Decreased levels of cell cycle inhibitor p27Kip1 due to excessive degradation occur in a variety of aggressive human tumors. Since reduced p27 expression has been associated with a poor prognosis in many human cancers and resistance to certain anti-tumor therapies, it has been postulated that elevation of p27 expression could improve prognosis and perhaps even provide a cure for malignant cancers. However, this concept has not been proven or rigorously tested largely due to the absence of specific small molecule inhibitors that perturb abnormal reduction in p27 levels. The abundance of p27 is primarily controlled by the ATP-dependent ubiquitin-proteasome pathway. SCFSkp2 is the major ubiquitin E3 ligase responsible for degradation of p27. Therefore inhibition of SCFSkp2 E3 ligase activity is expected to enhance p27 accumulation. The overall goals of this application are to investigate unique enzymatic mechanisms of SCFSkp2 E3 ligase that are amenable to chemical perturbation and develop specific reagents for chemical genetic dissection of the function of SCFSkp2 in cancer biology. Understanding the detailed and unique mechanism by which SCFSkp2 promotes ubiquitination of p27 is essential for developing highly selective therapeutic strategies to increase p27 levels with minimal side effects. Identifying specific small molecule inhibitors of p27 degradation is a first step towards evaluating whether inhibition of p27 degradation would be an effective anti-cancer therapy approach and translating what we have learned about the basic mechanisms of p27 degradation into potential new drug leads in cancer biology.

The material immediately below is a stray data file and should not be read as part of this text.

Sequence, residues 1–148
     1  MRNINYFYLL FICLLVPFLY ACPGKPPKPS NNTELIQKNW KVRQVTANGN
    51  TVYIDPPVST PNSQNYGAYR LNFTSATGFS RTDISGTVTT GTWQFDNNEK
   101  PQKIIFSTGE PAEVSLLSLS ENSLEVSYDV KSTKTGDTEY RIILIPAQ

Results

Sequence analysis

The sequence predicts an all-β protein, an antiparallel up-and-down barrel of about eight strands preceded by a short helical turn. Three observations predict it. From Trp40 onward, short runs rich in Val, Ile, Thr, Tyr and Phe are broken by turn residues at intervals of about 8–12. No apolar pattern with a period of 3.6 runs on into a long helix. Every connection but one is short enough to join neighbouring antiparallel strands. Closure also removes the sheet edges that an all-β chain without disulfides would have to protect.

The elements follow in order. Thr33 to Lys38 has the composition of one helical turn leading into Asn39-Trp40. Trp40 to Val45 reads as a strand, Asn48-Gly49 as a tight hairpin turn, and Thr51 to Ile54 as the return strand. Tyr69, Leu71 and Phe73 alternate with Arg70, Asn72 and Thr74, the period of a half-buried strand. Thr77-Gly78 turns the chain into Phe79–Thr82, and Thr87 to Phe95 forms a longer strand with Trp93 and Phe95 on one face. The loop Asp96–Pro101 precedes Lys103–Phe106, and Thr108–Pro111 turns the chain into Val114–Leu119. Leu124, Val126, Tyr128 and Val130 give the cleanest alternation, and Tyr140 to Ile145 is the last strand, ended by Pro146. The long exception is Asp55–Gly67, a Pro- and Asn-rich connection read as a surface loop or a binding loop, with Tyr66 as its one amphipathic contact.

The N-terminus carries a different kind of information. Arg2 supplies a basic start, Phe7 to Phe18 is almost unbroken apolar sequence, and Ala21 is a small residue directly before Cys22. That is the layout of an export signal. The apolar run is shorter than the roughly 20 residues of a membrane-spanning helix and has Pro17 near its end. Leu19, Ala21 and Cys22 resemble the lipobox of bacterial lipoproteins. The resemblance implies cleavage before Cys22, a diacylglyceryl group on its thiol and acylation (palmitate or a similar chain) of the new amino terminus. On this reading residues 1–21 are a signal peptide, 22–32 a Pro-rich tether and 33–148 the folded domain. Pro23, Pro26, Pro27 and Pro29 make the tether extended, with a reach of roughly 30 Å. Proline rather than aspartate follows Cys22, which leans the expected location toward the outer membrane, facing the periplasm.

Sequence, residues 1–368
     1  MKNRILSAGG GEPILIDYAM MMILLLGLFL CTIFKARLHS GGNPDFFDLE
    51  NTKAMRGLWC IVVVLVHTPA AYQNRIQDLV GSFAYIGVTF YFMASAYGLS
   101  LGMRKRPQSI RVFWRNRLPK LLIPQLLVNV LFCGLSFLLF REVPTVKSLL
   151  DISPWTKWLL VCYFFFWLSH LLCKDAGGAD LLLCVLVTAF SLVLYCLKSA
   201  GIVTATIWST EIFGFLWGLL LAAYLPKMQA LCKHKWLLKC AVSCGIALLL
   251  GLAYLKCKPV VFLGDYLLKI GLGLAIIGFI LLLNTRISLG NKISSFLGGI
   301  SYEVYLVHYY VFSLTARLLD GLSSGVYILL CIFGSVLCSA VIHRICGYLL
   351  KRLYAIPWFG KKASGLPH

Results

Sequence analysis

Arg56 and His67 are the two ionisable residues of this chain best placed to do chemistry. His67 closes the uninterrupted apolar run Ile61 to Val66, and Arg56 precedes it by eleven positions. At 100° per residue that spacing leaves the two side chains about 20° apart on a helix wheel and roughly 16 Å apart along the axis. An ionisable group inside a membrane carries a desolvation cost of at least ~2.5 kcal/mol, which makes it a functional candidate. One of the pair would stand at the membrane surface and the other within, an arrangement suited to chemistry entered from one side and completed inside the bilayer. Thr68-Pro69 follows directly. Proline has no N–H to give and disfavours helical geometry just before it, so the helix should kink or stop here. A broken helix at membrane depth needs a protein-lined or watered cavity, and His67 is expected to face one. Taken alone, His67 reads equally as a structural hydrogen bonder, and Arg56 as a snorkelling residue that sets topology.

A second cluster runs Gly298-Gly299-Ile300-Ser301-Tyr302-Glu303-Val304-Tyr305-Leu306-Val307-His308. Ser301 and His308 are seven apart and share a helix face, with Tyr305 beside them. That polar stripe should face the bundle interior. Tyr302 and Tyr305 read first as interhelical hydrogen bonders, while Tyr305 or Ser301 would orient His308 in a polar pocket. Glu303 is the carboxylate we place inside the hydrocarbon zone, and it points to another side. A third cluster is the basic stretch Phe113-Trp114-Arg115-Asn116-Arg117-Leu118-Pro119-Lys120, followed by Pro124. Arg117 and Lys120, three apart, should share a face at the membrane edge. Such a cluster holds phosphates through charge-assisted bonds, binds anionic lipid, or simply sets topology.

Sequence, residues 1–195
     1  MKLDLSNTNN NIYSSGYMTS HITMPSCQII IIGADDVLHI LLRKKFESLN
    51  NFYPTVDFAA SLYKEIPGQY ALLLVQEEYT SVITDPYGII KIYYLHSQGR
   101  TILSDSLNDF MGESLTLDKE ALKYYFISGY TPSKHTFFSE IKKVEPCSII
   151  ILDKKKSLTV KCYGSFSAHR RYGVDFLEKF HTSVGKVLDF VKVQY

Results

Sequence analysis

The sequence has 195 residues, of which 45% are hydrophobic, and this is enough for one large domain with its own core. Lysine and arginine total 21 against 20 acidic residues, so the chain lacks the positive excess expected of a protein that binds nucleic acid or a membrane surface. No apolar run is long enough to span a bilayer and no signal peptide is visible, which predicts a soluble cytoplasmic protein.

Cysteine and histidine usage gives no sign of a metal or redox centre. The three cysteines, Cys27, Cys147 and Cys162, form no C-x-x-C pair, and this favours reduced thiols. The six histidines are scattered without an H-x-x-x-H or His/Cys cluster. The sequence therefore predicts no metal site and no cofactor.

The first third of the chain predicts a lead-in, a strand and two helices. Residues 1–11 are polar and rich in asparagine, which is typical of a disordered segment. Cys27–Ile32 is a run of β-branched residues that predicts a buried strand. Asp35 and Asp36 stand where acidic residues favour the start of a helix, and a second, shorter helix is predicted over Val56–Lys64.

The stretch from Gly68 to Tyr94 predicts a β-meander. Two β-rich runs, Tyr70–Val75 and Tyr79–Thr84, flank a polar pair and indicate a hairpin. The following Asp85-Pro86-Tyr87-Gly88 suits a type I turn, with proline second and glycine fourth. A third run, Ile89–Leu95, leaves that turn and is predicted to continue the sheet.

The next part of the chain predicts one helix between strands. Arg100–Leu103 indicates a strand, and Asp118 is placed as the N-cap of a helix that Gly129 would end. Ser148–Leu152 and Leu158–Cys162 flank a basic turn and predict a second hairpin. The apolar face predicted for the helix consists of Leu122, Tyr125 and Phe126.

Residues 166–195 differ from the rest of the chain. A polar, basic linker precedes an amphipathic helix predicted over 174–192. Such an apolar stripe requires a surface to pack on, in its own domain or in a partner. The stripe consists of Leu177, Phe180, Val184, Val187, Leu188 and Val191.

Excessive degradation tumor suppressing protein p27 in primary cancer tissue correlates with poor survival as well as poor response to chemotherapies. The goal of this proposal is to understand the molecular processes associated with abnormal degradation and search for drug-like molecules to prevent this degradation. Our studies could lead to novel therapy for malignant cancers and improve prognosis of patient with aggressive tumors.
|Nardini, John T; Chapnick, Douglas A; Liu, Xuedong et al. (2016) Modeling keratinocyte wound healing dynamics: Cell-cell adhesion promotes sustained collective migration. J Theor Biol 400:103-17|
|Zhang, Conggang; Lee, Schuyler; Peng, Yinghua et al. (2015) A chemical genetic approach to probe the function of PINK1 in regulating mitochondrial dynamics. Cell Res 25:394-7|
|Chapnick, Douglas A; Bunker, Eric; Liu, Xuedong (2015) A biosensor for the activity of the ""sheddase"" TACE (ADAM17) reveals novel and cell type-specific mechanisms of TACE activation. Sci Signal 8:rs1|
|Lee, Schuyler; Zhang, Conggang; Liu, Xuedong (2015) Role of glucose metabolism and ATP in maintaining PINK1 levels during Parkin-mediated mitochondrial damage responses. J Biol Chem 290:904-17|
|Zhang, Conggang; Lee, Schuyler; Peng, Yinghua et al. (2014) PINK1 triggers autocatalytic activation of Parkin to specify cell fate decisions. Curr Biol 24:1854-65|
|Chapnick, Douglas A; Liu, Xuedong (2014) Leader cell positioning drives wound-directed collective migration in TGF?-stimulated epithelial sheets. Mol Biol Cell 25:1586-93|
|Chapnick, Douglas A; Jacobsen, Jeremy; Liu, Xuedong (2013) The development of a novel high throughput computational tool for studying individual and collective cellular migration. PLoS One 8:e82444|
|Ungermannova, Dana; Lee, Junglim; Zhang, Gan et al. (2013) High-throughput screening AlphaScreen assay for identification of small-molecule inhibitors of ubiquitin E3 ligase SCFSkp2-Cks1. J Biomol Screen 18:910-20|
|Lee, Junglim; Sammond, Deanne W; Fiorini, Zeno et al. (2013) Computationally designed peptide inhibitors of the ubiquitin E3 ligase SCF(Fbx4). Chembiochem 14:445-51|
|Ungermannova, Dana; Parker, Seth J; Nasveschuk, Christopher G et al. (2012) Identification and mechanistic studies of a novel ubiquitin E1 inhibitor. J Biomol Screen 17:421-34|
Showing the most recent 10 out of 28 publications